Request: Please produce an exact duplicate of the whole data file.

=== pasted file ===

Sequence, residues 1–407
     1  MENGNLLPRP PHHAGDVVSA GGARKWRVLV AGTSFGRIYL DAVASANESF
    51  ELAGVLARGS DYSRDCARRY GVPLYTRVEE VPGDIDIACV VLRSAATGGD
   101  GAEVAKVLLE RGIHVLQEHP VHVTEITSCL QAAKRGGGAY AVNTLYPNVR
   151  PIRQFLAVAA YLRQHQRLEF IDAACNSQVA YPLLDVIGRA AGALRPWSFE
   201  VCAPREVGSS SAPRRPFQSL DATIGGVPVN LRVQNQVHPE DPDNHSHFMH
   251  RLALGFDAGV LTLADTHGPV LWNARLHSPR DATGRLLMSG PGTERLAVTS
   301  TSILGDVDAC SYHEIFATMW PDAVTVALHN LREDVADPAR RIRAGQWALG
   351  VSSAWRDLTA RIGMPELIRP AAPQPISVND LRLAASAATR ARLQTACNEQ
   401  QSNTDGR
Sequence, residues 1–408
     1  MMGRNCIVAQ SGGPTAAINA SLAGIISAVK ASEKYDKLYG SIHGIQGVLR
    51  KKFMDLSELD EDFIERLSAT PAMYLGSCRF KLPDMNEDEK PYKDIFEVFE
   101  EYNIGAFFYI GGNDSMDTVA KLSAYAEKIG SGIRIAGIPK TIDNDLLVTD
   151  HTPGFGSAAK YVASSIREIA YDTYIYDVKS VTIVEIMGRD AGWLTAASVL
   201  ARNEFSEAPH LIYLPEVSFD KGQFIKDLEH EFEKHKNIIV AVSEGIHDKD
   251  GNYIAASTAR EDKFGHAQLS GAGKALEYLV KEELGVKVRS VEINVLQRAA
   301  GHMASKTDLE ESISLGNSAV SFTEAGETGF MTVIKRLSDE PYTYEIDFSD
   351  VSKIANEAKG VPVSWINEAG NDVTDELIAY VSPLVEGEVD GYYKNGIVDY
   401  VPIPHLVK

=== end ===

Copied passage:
Sequence, residues 1–407
     1  MENGNLLPRP PHHAGDVVSA GGARKWRVLV AGTSFGRIYL DAVASANESF
    51  ELAGVLARGS DYSRDCARRY GVPLYTRVEE VPGDIDIACV VLRSAATGGD
   101  GAEVAKVLLE RGIHVLQEHP VHVTEITSCL QAAKRGGGAY AVNTLYPNVR
   151  PIRQFLAVAA YLRQHQRLEF IDAACNSQVA YPLLDVIGRA AGALRPWSFE
   201  VCAPREVGSS SAPRRPFQSL DATIGGVPVN LRVQNQVHPE DPDNHSHFMH
   251  RLALGFDAGV LTLADTHGPV LWNARLHSPR DATGRLLMSG PGTERLAVTS
   301  TSILGDVDAC SYHEIFATMW PDAVTVALHN LREDVADPAR RIRAGQWALG
   351  VSSAWRDLTA RIGMPELIRP AAPQPISVND LRLAASAATR ARLQTACNEQ
   401  QSNTDGR
Sequence, residues 1–408
     1  MMGRNCIVAQ SGGPTAAINA SLAGIISAVK ASEKYDKLYG SIHGIQGVLR
    51  KKFMDLSELD EDFIERLSAT PAMYLGSCRF KLPDMNEDEK PYKDIFEVFE
   101  EYNIGAFFYI GGNDSMDTVA KLSAYAEKIG SGIRIAGIPK TIDNDLLVTD
   151  HTPGFGSAAK YVASSIREIA YDTYIYDVKS VTIVEIMGRD AGWLTAASVL
   201  ARNEFSEAPH LIYLPEVSFD KGQFIKDLEH EFEKHKNIIV AVSEGIHDKD
   251  GNYIAASTAR EDKFGHAQLS GAGKALEYLV KEELGVKVRS VEINVLQRAA
   301  GHMASKTDLE ESISLGNSAV SFTEAGETGF MTVIKRLSDE PYTYEIDFSD
   351  VSKIANEAKG VPVSWINEAG NDVTDELIAY VSPLVEGEVD GYYKNGIVDY
   401  VPIPHLVK